Does the Trade War = A Bear Market?

I’ve been waiting for the next significant market decline for longer than I can remember. As an adult working in financial services, I’m now into my 5th decade of paying attention to global economic trends. I like to think I understand at least some of the dynamics that define investments.

The last bear market ended on March 29, 2009. While I did say to myself at the time that the downturn had ended, I’ve been wrong ever since.

One result of this is my personal investments and those of my friends and clients who used to rely on my instincts, if not my intellect, have not done as well as the markets in general.

Those with no personal experience of a market crash have little idea how market crashes strangle you mentally. That usually translates to financial pain. You’re damned if you do and damned if you don’t.

A new variable entered the picture in the last 24 months. Specifically, the efforts by this administration to right some perceived wrongs and an attempt to repeal history. This was done by introducing tariffs, something which most economists see as a profound mistake. Too many data points show global economic growth is attributable to free trade between nations.

And then there’s the tax bill signed into law in 2017. It was marketed as a way to  lower taxes on you and me so we could spend more money and grow the economy. It hasn’t played out that way. In general, it’s allowed corporate America to use cash infusions resulting from lower taxes to buy back stocks issued originally to raise capital. They use it for other stuff too, but there’s a huge incentive by management to allocate some of that cash the reduce the number of shares out there in the markets.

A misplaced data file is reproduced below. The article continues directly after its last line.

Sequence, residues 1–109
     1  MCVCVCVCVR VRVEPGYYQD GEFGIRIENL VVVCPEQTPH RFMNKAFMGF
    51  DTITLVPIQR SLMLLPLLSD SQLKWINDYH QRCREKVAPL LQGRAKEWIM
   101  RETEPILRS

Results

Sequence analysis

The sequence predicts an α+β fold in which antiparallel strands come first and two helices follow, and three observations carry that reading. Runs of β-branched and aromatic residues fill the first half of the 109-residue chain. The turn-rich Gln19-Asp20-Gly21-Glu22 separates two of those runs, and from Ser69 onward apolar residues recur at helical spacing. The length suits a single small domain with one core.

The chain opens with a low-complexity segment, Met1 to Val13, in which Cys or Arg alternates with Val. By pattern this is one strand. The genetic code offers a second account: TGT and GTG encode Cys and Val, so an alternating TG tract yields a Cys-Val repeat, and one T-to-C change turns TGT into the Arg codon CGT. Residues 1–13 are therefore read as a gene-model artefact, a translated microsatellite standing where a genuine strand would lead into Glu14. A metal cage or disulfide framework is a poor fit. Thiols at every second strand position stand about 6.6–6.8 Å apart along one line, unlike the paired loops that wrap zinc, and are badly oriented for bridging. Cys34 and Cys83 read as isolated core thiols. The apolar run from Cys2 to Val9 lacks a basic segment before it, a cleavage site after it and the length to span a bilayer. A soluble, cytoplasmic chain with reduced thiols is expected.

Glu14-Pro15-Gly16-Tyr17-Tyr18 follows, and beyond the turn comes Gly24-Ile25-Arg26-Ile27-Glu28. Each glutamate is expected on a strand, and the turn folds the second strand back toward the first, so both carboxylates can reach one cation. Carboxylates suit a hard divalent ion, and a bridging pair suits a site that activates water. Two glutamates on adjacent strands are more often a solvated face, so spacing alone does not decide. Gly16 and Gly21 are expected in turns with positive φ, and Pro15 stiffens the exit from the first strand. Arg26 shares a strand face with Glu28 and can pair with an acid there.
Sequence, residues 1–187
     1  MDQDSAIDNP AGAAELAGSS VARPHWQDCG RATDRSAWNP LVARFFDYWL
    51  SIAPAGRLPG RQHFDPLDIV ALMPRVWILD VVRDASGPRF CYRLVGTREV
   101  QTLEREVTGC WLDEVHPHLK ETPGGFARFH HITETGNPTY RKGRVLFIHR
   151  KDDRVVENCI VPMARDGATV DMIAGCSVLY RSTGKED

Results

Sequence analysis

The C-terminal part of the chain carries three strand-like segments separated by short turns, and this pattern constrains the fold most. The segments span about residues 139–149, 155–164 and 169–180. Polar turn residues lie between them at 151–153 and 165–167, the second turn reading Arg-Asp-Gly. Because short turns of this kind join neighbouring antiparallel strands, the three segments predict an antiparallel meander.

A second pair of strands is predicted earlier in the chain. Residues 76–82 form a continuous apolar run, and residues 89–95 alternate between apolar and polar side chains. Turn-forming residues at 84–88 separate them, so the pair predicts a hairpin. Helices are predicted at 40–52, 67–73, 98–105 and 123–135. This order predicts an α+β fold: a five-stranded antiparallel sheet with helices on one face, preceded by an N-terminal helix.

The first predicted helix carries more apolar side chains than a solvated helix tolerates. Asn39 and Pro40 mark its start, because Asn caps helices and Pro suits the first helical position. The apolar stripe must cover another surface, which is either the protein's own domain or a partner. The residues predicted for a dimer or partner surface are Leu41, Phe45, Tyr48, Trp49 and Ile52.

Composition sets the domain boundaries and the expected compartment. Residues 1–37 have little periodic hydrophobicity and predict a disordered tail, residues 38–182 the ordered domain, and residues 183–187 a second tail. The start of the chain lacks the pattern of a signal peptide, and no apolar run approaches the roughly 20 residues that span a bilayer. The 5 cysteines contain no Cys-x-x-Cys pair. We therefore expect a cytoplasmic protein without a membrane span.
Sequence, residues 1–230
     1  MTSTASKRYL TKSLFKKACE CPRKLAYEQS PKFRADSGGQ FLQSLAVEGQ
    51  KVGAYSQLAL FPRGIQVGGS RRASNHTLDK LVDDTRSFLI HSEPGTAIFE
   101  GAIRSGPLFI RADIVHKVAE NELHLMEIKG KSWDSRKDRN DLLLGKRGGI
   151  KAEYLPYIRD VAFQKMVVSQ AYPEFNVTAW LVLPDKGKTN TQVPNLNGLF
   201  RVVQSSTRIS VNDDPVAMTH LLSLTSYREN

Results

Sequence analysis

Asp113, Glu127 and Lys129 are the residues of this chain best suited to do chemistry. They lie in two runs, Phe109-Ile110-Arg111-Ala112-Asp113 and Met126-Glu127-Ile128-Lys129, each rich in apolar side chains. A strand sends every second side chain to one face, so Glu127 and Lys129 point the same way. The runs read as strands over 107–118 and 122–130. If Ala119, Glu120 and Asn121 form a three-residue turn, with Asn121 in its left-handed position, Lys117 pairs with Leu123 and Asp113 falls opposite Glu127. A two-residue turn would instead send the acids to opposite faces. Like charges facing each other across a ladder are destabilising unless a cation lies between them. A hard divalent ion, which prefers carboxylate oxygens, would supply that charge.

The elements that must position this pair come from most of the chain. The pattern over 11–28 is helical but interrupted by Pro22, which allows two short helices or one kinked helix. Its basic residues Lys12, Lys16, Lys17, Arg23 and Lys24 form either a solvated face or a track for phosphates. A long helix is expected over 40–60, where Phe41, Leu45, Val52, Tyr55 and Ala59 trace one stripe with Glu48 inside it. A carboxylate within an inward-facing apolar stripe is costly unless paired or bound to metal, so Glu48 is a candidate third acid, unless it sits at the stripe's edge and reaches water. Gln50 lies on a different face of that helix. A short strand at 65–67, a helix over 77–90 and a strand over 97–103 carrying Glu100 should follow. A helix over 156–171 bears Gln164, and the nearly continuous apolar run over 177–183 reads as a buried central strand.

Since top management often gets paid based on the price of shares, reducing the number of shares outstanding effectively causes share prices to rise. This means bigger bonuses to those top managers. Great, unless you’re not one of those people.

Since the general public thinks there’s a 100% correlation between what the stock market is doing and how the economy is doing, too many people see the 10 year increase in the DOW and S&P 500 as being affirmation that the economy is GREAT.

However, sooner or later reality will once again rear it’s ugly head. During this ten year span, we’ve had some relatively minor scares, but nothing long term.

Going back to the trade war theme, another reason for the long term gains in the markets has been what some have called the ‘mutually dependent relationship’ between the US and China. We buy their goods and they buy our debt. The self-imposed tariff war puts that dynamic at risk and is now creating mental havoc among money managers.

Meanwhile, wages in the US have now been more or less stagnant for over four decades. During this span, the costs of education and health care have dramatically increased. We now have a huge drag on the economy in the form of student debt and increasing wealth inequality.

The Federal Reserve is now talking about lowering interest rates. Frankly, they can’t lower them much since in historical terms, they are very close to zero already. If they do, some now speculate it will hasten the inevitable decline in the economy and the markets.

Famous pundits are predicting there is much more upside possible and that if you’re not fully invested in the stock market, you’re going to miss huge gains. Personally, I think that’s nonsense, but who am I to comment. As already stated, I’ve now been wrong for the past 5 or 6 years.

The gains we’ve experienced over the past quarter-century will, at some point, be followed by a drawn-out bear market, with stocks, bonds, credit and property values all at risk. If that makes me a party pooper, so be it.

Tony Kendzior \ July 30, 2019